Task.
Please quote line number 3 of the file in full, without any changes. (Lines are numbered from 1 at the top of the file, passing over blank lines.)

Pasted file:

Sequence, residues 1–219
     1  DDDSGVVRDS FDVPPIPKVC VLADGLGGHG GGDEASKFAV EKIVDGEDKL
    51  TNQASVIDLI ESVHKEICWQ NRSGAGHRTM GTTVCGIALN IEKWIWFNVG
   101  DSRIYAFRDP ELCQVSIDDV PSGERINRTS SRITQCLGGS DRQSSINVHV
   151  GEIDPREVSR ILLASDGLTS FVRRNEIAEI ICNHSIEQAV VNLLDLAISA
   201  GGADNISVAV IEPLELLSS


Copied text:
    51  TNQASVIDLI ESVHKEICWQ NRSGAGHRTM GTTVCGIALN IEKWIWFNVG